Aidan Tuohy recently completed his traineeship and accepted a position as a newly qualified solicitor with Neilsons Solicitors and Estate Agents. During the first twelve months of his training contract, Aidan was based in the Scottish Borders dealing with residential conveyancing and private client matters. He now work solely in residential conveyancing in Edinburgh city centre. 

 

Having recently completed my traineeship and accepted a newly qualified position, I felt this was a good time to reflect and share the key things I took away from this time:

 

Work life balance
The nature of the legal profession is such that working Monday to Friday 9am – 5pm is likely never to be achieved. The demands of the job and more importantly the client, are such that you will quickly find yourself working before 9am and very often, past 5pm. This is very much an accepted fact across all practice areas. It is also the case that work can now be accessed 24 hours a day, 7 days a week via our mobile phones, with notifications of our client’s emails popping up at all times of the day. Although a keen trainee will always be mindful to remain on top of their work, it’s important to set professional boundaries. Trainees must remember to set some time apart, be it an hour in the evening at the gym or whatever past time is best suited. It’s imperative to ensure you give yourself time to switch of from work to avoid burning out.

 

The Scottish legal profession is a village
This is something which is often spoken about by tutors during your academic studies but is not fully realised until you are working within the legal profession. In Scotland, we are a small country who have our own unique legal system, meaning we have a very small community of solicitors. Consequentially, solicitors in Scotland tend very much to know one another and often speak with one another. Some may even gossip with one another (terrible, I know!). You will very quickly realise that you are dealing with the same professionals over and over in your day to day work. You will also begin to see and meet these professionals regularly, be it at a networking event or in places such as court.

The nature of much of the legal work in Scotland is that you may well find yourself in a position where you require another professional to help you or you are asked to help them out. I have seen some trainees and even more experienced solicitors, who relish the prospect of being awkward or uncooperative in a situation just because they are in a position to do so. This is short sighted in the extreme. Professionals may well remember those who were unwilling to help them in a similar circumstance or were perhaps rude to them in a previous conversation.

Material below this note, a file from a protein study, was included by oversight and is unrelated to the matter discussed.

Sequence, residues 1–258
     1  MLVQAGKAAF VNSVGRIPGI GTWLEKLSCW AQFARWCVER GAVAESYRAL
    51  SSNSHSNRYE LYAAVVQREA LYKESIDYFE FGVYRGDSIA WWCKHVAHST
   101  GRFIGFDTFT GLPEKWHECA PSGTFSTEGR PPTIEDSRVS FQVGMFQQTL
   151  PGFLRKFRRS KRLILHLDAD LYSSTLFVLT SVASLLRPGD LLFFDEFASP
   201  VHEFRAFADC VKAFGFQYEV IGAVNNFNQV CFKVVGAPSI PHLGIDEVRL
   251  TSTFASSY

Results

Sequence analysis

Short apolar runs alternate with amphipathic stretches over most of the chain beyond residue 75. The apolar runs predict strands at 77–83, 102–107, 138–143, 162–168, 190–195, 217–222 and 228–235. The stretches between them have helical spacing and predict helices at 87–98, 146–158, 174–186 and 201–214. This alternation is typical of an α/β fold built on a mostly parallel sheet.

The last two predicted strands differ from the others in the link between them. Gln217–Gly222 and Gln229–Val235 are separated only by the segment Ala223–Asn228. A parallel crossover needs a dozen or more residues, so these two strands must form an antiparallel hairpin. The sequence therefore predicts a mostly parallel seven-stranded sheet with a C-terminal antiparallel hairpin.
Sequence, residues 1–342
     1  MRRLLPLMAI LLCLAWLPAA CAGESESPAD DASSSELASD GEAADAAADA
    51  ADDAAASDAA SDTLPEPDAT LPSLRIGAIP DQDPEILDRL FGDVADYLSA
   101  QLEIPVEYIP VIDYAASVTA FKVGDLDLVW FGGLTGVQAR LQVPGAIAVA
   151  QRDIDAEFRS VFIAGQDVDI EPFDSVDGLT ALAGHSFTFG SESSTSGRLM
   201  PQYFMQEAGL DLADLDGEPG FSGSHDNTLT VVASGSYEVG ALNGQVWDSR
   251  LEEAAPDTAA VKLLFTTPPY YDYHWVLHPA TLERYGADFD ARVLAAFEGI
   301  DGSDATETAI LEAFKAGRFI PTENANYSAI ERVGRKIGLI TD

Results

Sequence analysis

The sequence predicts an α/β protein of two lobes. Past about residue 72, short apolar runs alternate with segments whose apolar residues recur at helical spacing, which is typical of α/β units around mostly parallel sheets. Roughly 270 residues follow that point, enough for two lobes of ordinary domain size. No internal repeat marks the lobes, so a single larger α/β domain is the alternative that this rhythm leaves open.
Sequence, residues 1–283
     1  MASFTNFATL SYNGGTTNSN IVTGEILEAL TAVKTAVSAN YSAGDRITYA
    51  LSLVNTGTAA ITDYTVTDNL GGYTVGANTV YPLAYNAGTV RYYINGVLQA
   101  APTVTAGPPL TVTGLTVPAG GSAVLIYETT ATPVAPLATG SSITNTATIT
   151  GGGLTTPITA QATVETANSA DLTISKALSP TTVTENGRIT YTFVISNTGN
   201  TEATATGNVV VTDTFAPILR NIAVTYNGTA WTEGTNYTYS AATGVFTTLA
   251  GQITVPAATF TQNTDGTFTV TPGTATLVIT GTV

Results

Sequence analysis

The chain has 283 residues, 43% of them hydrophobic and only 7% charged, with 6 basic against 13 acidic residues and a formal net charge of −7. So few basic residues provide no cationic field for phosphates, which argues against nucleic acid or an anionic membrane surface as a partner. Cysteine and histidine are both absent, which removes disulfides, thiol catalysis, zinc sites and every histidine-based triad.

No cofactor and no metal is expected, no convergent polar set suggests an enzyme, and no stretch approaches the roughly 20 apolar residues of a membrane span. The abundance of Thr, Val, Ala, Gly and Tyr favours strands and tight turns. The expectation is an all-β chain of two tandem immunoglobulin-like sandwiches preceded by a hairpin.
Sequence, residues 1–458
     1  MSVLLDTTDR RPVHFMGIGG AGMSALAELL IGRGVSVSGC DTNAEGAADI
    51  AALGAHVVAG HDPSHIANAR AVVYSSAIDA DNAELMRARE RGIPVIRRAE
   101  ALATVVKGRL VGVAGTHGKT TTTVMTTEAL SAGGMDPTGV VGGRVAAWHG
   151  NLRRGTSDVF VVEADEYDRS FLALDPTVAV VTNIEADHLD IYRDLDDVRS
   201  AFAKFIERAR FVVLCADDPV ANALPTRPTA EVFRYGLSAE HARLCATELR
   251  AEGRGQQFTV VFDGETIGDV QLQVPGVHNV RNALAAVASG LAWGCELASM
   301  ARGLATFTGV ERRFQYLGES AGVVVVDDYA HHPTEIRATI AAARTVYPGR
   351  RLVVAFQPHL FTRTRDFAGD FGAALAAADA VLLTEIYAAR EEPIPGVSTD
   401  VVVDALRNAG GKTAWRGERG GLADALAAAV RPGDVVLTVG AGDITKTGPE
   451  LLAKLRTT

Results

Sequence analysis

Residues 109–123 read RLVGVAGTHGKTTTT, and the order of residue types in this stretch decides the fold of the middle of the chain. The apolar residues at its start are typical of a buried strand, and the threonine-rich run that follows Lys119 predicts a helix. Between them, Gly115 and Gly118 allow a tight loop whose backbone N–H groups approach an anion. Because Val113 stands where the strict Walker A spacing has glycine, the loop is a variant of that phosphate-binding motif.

You must always protect the interests of your client, but in a property transaction, as opposed to a court matter, you and the lawyer on the other side are working towards the same objective. If the transaction can be conducted in the spirit of co-operation rather than adversarial point scoring, then the course of the transaction will be smoother. You will find that the next transaction you have with the person on the other side will be easier if you have not adopted entrenched positions for no good reason. It’s very easy to forget that you are only acting for your client on this one occasion, whilst you will be working with the other professional for many years to come. Don’t get carried away by drawing a line in the sand and defending it unreasonably at all costs, unless it is necessary to protect your clients position. Always treat your fellow professionals as you would like to be treated yourself.

Never lose sight of the fact that one day you are the pigeon but the next day you will inevitably be the statue.

 

Make the very most of the opportunity
Securing a training contract is a fantastic achievement. The economic backdrop of the past few years has resulted in there being fewer and fewer training contracts available to law graduates. This trend will continue with the uncertainty surrounding the Brexit transition period and the possibility of Indyref2. Therefore, if you have secured a training contract – you’ve done fantastically well and now hold a coveted role. Don’t waste it. Throw yourself into every available opportunity with positivity - be it new projects, blog writing or networking events. These are all things which allow you build your circle, your profile and your own self as a legal professional.

 

Enjoy it!
There are of course good and bad days as a trainee solicitor. You will undoubtedly have testing days where you feel you’re making limited process; you will also have the good days where you leave the office feeling like Harvey Specter. Remember, the purpose of the training contract is that it is a safe environment for you to gain crucial legal skills and ultimately – you will make mistakes, hopefully without these being costly mistakes. Your supervising solicitors will only lose patience if you continue to make the same mistakes. Always reflect, learn and ensure there are no repeat offences.

Approach each day with a positive mindset and make the very most of this transition period.

The traineeship

Finish your legal education by learning 'on the job', by working as a trainee under the supervision of a Scots-qualified solicitor. Traineeships last for a period of two years and after its successful completion, you are ready to apply to take out a solicitor's practising certificate.